Almost half a million Australians are receiving specialist disability services and the vast majority are happy with the support they receive, according to a government report.
The Australian Institute of Health and Welfare’s People with Disability in Australia report released this week says almost 90 per cent of people with disability who need formal assistance are getting support.
At June 30 last year 172,000 were receiving services under the NDIS and 280,000 received support under the National Disability Agreement between 2017-18.
Most who are using services under the NDA are expected to transition to the NDIS, which is expected to support around 475,000 by 2020.
Services received included assistive technology, case management, life skills development, specialist accomodation, respite care and support to live in the community and participate in community activities.
The report says an estimated 39 per cent of people with disability living in the community need assistance from formal providers; 64 per cent of which are private commercial operations and the rest government providers.
The AIHW says according to a 2015 survey, which pre-dates the main NDIS rollout, eighty five per cent of service recipients said they were happy with service quality and 74 were satisfied with range of services available.
There are currently 6,000 younger people in permanent residential aged care, with most common reason being dementia, cancer, neurological diseases and cerebrovascular disease.
‘Shocking’ rates of violence, discrimination
However the report found people with a disability are far more likely than other Australians to suffer violence, discrimination, stress and poor health, as well as having lower incomes and experiencing rental stress and unemployment.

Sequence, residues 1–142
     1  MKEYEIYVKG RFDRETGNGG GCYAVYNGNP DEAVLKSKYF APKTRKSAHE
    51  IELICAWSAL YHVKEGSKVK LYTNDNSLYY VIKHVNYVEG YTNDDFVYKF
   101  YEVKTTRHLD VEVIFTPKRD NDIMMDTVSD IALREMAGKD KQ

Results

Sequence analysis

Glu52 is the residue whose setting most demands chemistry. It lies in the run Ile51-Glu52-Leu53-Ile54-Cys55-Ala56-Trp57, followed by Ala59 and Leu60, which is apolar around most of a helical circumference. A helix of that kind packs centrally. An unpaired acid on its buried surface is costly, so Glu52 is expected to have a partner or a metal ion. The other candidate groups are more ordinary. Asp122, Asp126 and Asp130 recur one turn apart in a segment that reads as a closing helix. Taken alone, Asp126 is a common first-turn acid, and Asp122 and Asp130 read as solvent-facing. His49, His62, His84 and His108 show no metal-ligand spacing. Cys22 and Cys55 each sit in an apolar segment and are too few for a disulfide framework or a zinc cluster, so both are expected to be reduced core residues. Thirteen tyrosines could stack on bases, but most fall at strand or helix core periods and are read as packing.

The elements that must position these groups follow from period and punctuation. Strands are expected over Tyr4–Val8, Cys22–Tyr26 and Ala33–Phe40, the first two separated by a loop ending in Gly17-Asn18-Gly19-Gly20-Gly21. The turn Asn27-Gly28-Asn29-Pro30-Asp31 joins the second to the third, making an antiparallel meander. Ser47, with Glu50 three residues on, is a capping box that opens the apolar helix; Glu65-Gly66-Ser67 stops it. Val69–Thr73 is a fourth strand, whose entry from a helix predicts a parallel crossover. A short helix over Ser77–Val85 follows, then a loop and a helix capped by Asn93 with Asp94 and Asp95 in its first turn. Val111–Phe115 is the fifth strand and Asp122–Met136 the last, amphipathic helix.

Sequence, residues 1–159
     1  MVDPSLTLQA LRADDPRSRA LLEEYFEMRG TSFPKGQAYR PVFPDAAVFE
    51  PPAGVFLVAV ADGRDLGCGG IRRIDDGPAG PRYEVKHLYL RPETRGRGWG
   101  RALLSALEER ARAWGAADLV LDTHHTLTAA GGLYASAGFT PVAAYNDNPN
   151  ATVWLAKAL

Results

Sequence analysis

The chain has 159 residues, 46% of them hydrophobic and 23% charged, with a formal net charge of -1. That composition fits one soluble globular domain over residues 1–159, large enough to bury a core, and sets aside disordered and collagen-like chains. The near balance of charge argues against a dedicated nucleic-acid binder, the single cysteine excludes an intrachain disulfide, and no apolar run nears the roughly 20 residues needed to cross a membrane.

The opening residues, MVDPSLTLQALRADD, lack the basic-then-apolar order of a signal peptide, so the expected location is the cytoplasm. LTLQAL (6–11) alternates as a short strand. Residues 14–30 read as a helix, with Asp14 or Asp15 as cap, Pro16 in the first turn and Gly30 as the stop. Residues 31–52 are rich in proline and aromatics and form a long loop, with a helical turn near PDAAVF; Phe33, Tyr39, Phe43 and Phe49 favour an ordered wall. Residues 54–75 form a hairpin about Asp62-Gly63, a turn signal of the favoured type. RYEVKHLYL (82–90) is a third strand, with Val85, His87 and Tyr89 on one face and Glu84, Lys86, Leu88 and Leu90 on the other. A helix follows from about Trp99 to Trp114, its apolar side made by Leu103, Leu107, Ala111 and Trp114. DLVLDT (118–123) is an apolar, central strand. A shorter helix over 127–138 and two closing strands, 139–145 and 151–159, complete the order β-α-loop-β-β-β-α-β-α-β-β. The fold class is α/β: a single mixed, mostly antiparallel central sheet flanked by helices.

Nearly half of people (47 per cent) with a disability aged 15 or over have experienced violence, compared to 36 per cent of Australians without a disability. Around one in five (21 per cent) have experienced violence by an intimate partner, compared to 13 per cent of those without a disability.
Those with a disability are also more likely to experience child abuse, sexual violence, sexual harassment and emotional abuse.
The report pulls together data from many places including the Australian Human Rights Commission (AHRC) and the Australian Bureau of Statistics. In the 2017-18 financial year, the AHRC received more complaints about disability discrimination than other form of discrimination – 42 per cent of all calls.
The report found one in four (23 per cent) of those aged 15 with a disability living in households have experienced some form of discrimination, compared to 17 per cent without a disability.
AIHW spokeswoman Louise York said the data on violence and discrimination against people with a disability was shocking.
“This report really asks those with a disability how they experience life, and this level of discrimination is higher than you’d expect to see in this day and age,” she told Community Care Review.
“What’s concerning is violence in the overall community is going down over time, but we’re not really seeing that in terms of intimate partner violence and violence in what otherwise should be loving relationships.”
There was one positive finding in the report, said York.
“Australians are living longer and those extra years are more likely to be lived in good health – so without aged-acquired disability.
“That shows we are looking after our health and preventing injury.”